The Leader’s Journey
The journey of leadership is like a the climbing of a mountain. In the beginning, the landscape is familiar and we have the company of others. As we continue to climb, we expend the effort to pull ourselves to greater heights from which we see the world from an elevated perspective. During this climb, we are tested to summon the internal courage to persevere. Each step, we leave the comfortable and familiar to a new vista and to new surroundings which test our resolve. As we climb higher, we find ourselves more and more alone but closer and closer to the understanding of our true self.
“It’s not the mountain we conquer, but ourselves.”
–Sir Edmund Hillary
Flipping Your Leadership Paradigm
Each of us has an implicit leadership theory, a mental model we are largely unaware of, that represents the skills, traits, and qualities that define effective leaders. Some of our beliefs about leadership are so common and accepted as true that challenging them is counterintuitive, yet they can limit organizational effectiveness and they can limit us. For example, at the core of most models of leadership lies the premise that knowledge is the foundation for leading effectively – the more the leader knows about goal setting, strategy, and change management, the more effective he or she will be. This implicit leadership theory – leadership equated with a person in charge who has answers – is pervasive. It is the way most of us think about leadership. We learned to think this way from our superiors and role models. This way of thinking about and exercising leadership happens without much conscious intent and thus is difficult to challenge or even discuss. It has become woven seamlessly into the fabric of our culture. Challenging our taken for granted views about leadership creates the possibility of showing up every day as a more authentic version of ourselves. Check it out on your inward journey. Enjoy the articles below.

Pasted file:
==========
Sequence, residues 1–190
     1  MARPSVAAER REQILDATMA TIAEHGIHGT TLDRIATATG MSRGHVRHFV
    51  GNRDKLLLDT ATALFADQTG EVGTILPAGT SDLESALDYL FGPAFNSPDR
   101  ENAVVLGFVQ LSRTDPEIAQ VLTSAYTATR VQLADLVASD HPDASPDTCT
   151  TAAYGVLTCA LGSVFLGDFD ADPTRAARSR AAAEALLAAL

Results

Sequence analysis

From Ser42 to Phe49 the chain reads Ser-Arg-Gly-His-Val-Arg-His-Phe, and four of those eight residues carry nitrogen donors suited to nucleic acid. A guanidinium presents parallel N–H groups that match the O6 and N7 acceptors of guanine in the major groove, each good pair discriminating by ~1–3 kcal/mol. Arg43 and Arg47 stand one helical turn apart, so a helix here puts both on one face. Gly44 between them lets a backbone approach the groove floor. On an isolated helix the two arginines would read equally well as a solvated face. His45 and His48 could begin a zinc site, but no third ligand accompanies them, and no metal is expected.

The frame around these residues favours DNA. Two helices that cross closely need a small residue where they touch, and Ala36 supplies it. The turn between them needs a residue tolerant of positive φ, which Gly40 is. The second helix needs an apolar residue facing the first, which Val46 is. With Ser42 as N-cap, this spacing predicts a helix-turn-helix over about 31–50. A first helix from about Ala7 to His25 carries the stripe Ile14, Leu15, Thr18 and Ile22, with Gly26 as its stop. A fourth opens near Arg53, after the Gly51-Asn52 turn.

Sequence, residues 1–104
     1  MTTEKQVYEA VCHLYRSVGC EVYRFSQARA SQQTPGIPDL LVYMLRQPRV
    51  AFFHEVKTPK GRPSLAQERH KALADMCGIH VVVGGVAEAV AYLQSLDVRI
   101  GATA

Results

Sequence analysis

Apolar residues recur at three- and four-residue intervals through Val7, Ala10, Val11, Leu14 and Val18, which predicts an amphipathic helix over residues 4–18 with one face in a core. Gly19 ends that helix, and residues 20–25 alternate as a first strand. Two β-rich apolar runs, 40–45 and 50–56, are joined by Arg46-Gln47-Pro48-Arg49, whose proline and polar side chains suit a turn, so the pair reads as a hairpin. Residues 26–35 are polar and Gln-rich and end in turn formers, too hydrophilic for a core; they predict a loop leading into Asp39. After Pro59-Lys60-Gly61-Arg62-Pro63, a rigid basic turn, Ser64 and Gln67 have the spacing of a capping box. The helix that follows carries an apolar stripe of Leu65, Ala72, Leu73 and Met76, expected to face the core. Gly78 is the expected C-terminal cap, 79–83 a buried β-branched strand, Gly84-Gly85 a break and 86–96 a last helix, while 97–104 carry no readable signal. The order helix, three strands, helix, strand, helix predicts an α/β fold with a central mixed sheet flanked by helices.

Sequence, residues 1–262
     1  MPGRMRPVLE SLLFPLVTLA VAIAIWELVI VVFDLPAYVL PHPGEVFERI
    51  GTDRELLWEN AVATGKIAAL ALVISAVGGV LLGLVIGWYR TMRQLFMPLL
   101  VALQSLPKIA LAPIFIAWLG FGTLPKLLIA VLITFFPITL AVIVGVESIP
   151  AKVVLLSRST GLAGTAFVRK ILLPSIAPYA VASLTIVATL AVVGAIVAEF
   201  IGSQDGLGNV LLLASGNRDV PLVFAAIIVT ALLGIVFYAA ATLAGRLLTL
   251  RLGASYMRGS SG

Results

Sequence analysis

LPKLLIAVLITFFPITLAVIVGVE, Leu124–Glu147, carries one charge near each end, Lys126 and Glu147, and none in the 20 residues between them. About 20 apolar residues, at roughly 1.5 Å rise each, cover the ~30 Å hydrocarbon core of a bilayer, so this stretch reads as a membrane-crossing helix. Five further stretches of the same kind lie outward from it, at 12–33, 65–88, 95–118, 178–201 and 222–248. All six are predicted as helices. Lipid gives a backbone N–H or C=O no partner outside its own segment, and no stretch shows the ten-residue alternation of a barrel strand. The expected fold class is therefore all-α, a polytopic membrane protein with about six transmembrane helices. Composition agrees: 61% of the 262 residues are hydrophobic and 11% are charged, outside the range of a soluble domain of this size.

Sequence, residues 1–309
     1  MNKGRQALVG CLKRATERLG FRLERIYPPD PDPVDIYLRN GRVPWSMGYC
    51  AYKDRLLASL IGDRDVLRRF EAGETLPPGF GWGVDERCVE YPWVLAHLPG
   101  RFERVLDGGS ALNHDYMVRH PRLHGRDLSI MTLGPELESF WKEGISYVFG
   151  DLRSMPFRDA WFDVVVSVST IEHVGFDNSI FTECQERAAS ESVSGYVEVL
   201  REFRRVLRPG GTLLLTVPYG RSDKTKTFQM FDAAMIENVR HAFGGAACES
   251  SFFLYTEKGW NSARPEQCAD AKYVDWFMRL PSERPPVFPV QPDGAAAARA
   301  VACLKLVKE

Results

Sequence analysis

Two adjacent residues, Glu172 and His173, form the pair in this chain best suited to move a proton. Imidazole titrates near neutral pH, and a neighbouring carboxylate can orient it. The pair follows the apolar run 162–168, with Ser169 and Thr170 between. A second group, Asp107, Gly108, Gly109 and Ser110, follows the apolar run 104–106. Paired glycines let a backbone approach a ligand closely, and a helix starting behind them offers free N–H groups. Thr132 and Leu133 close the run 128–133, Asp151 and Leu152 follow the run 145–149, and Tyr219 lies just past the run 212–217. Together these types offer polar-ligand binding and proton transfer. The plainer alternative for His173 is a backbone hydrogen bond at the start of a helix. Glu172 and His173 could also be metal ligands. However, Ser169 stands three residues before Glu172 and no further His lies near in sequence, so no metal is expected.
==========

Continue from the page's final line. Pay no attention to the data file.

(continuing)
- Rethinking Leadership Development (link) We need more effective ways of developing others to lead.
- The Science of Leading Yourself (link) Leadership begins on the inside. Leading oneself is a uniquely human activity—studying it and how it works is essential to tackling the world’s most vexing issue.
- Challenging your Implicit Leadership Theory (link) Challenging our taken for granted assumptions and beliefs about is key to our leadership effectiveness.
- Health Care Transformation Begins with You (link) Leaders recognize that transformation begins with them. It’s an inside job.
- Hittability: The Leader’s Edge (link) What does hittability have to do with leadership and baseball? Check it out.
- Leading Again for the First Time (link) We must change the way we make sense of leadership – what it is and how we make it happen. This new way of thinking must come from the inside. When we make this shift, for most of us it will be like leading again for the first time.
Flipping your leadership paradigm
Challenging your implicit leadership theory
Leadership and hitability: A Ted Williams story
Language: Our most powerful gift
We generally think of language as a tool for communicating with one another. If we both speak the same language, we should be able understand and contribute to our conversation. But language serves another key function. It is the channel which grants us access to our various subworlds – for example, the world of medicine, the world of politics, the world of sports, the world of opera. As our society becomes more specialized, and in some sense more fragmented, new vocabularies have, by necessity, been created and have emerged as new languages. If you don’t speak the language of molecular genetics, it is essentially impossible to communicate, perform, and innovate in that domain. It would be like going to another country that spoke a completely different language – you would be lost. Below are six articles on language – especially as it relates to leadership – in scientific journals into which you may wish to dig.